Types of Trucking Accidents

No two truck wrecks are the same. The cause of the collision, the way the truck and any other vehicles were positioned during the crash, and the force of the collision itself all impact the resulting devastation and injuries of the wreck. We’ve come to categorize truck accidents based on the type of crash, which takes into consideration many factors such as the cause and the positioning of the affected vehicles. These defining types are an integral part of a truck wreck investigation.

Below you’ll find a list of many of these categories, along with crashes that are additionally defined by the type of truck that was involved in the collision:

Head-On Collision

Head-on truck collisions happen when a truck crashes front-first into another vehicle or object. These collisions often result in devastating injuries due to the inherent force of the wreck.

Jackknife Accident

A jackknife accident results when a commercial truck jackknifes, which happens when the front part of the vehicle stops too quickly for the trailer’s momentum. That momentum will carry the trailer forward, causing it to swing to the side, causing a collision with other cars.

Rear-End Collision

A rear-end collision occurs when one vehicle impacts the back of another vehicle. With trucks, rear-end collisions commonly occur due to the increased distance and time a large truck needs to brake.

Sideswipe Accident

Sideswipe accidents happen when one vehicle’s side scrapes up against the side of another vehicle, often during a turn or when changing lanes too quickly. Truck sideswipes are common due to the larger width of most trucks.

T-Bone Accident

T-bone accidents occur when one vehicle crashes face-forward into the side of another vehicle, resulting in a “T” shape. T-bone accidents involving trucks can be especially dangerous due to the force and weight that a truck carries.

Truck Rollovers

Truck rollovers are unfortunately common, and often result in devastating injuries. These occur when a truck is forced over on its side or rolls over due to the force of a crash or by forceful winds or overloading.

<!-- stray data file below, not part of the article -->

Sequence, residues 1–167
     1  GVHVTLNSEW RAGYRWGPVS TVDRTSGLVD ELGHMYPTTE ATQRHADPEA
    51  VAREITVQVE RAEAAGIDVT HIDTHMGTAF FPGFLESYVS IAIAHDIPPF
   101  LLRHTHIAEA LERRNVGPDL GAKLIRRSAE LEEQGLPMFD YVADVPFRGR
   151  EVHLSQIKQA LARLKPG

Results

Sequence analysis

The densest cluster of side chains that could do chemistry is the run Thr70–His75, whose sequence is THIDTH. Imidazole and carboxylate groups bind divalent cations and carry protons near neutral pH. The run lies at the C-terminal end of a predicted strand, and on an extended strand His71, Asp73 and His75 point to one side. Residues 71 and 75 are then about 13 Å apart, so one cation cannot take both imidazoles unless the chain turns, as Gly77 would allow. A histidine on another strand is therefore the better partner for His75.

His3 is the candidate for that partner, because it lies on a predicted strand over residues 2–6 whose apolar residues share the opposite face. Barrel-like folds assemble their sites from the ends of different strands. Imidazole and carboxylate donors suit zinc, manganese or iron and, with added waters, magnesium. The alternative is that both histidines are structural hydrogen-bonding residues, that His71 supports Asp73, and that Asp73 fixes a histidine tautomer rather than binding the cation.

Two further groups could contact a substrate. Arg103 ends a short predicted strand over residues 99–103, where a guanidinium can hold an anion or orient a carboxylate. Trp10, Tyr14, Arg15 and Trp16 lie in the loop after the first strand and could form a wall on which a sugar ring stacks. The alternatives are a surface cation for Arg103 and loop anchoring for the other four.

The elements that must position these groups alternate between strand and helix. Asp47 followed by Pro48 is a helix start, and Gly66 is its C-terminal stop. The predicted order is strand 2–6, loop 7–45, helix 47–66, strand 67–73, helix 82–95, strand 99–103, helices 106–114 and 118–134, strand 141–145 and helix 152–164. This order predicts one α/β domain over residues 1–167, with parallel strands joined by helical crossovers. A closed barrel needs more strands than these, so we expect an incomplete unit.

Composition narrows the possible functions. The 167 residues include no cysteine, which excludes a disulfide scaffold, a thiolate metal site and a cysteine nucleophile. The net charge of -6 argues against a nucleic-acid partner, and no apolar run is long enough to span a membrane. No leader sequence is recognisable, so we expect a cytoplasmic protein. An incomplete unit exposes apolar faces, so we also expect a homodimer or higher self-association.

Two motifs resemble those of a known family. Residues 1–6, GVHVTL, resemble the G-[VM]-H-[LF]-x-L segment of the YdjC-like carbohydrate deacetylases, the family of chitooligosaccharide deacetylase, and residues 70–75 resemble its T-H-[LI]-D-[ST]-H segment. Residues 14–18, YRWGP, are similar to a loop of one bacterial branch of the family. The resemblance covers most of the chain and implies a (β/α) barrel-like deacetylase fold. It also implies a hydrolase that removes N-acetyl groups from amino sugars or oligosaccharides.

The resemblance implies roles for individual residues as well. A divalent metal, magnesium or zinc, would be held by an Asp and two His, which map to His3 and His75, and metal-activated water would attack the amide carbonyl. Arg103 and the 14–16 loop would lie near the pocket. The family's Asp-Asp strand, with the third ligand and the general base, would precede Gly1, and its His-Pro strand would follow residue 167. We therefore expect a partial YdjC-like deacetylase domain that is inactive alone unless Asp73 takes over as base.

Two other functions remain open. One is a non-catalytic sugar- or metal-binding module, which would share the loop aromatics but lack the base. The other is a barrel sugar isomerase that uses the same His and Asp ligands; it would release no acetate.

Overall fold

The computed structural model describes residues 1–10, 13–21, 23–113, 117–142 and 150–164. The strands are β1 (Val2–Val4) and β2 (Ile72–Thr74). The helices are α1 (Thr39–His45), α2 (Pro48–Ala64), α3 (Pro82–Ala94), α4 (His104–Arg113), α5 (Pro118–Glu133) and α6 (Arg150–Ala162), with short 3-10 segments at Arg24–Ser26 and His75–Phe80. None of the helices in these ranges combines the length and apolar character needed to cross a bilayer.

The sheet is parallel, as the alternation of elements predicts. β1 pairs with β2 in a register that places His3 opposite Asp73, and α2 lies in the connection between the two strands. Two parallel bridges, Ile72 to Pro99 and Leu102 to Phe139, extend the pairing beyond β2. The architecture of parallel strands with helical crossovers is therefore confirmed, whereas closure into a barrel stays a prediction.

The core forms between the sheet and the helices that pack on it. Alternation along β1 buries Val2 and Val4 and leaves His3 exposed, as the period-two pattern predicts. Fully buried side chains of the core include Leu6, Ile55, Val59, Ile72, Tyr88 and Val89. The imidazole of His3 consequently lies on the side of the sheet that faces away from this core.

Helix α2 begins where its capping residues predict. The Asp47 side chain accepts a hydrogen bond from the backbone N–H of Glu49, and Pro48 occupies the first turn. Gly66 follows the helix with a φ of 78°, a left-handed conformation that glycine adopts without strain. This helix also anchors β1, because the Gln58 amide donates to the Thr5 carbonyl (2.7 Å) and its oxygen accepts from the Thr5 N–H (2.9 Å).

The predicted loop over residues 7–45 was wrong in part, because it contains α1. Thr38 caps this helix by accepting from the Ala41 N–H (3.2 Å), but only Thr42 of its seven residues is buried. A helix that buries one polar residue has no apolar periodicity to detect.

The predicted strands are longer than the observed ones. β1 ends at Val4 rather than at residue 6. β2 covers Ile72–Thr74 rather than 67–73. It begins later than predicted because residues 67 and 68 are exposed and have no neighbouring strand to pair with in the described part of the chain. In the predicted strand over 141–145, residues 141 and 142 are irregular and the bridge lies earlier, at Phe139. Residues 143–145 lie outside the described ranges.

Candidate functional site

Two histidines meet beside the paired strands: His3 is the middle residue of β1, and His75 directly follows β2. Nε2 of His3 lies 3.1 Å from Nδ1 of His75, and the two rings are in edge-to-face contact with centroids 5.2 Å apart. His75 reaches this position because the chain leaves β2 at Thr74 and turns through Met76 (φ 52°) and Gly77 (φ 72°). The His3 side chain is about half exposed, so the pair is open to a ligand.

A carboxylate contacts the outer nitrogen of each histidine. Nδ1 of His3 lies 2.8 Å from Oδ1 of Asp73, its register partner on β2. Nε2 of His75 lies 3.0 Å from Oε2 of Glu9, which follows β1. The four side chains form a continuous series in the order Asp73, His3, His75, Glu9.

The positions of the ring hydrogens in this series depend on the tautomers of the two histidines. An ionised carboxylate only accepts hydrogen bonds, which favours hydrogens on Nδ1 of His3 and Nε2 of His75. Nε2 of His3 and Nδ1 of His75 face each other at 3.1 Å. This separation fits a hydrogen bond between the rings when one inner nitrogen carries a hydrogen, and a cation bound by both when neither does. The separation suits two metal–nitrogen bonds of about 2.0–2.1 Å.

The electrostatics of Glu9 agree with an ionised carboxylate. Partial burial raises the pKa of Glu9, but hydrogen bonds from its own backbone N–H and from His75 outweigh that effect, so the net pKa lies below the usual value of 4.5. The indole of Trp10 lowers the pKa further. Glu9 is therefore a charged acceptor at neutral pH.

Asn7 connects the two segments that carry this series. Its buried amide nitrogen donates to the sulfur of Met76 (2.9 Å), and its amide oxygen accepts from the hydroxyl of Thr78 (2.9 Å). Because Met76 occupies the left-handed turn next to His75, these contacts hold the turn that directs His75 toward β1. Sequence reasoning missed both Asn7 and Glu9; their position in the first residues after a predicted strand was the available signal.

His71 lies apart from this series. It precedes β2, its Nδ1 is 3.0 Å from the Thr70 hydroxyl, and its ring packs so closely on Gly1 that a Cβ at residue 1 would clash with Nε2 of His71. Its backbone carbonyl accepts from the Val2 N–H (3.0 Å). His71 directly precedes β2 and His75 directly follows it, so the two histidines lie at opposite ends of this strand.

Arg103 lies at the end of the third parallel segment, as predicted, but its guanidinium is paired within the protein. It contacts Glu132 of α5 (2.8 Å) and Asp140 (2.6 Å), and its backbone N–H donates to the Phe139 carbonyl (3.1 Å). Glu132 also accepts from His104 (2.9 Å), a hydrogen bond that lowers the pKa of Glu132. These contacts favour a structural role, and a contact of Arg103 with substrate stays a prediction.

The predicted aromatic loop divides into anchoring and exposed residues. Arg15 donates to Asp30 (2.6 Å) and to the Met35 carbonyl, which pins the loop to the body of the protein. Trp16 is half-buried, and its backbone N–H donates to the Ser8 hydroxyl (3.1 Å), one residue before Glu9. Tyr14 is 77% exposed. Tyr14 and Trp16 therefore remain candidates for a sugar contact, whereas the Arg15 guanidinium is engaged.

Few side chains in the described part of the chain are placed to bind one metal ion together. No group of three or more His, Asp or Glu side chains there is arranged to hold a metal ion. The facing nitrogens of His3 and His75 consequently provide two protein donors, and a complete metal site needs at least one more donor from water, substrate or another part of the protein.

Underride Truck Accidents

Underride crashes are extremely dangerous and involve a smaller motor vehicle riding under the rear or side of a semi-truck. These accidents can cause catastrophic injuries or even death.

Delivery Truck Accidents

Delivery truck accidents are more common than many people believe. It can be difficult to determine who’s liable for a crash involving a UPS, USPS, or FedEx truck, but doing so is imperative to a full recovery.

Dump Truck Accidents

Dump truck accidents can cause significant injury simply due to the weight of a dump truck and the cargo it’s carrying. Debris can also cause accidents involving these vehicles.

Passenger Bus Accidents

If you were in an accident involving a passenger bus like a city bus, commuter bus, or charter bus, you may have grounds for legal action depending on the cause of the crash.

Oversize Load Accidents

Oversize load accidents often result when a truck carrying an oversize load, such as when hauling a large vehicle or building, makes an unsafe maneuver or travels too fast for conditions. The drivers of these vehicles must be extremely cautious.

School Bus Accidents

If school bus drivers or other drivers around school buses don’t drive carefully, a school bus accident can easily result. Special rules apply to those driving near school buses which must be observed.

Cement Mixer Accidents

Cement mixer accidents can result in serious injuries due to the heavy weight of most cement mixers. If you’ve been involved in an accident with one, you may be able to take legal action.

Logging Truck Accidents

Logging truck accidents can result in major devastation when logs spill out over the highway and into other vehicles. Finding out who is liable for these wrecks is vital.

Deadhead Trucking

When a large truck with a trailer travels back after delivering a load of cargo with an empty trailer, this is what is referred to as deadhead trucking. Trucks with empty trailers can be dangerous because the driver may be unaccustomed to traveling with considerably less weight, making the truck an easier target for jackknife accidents.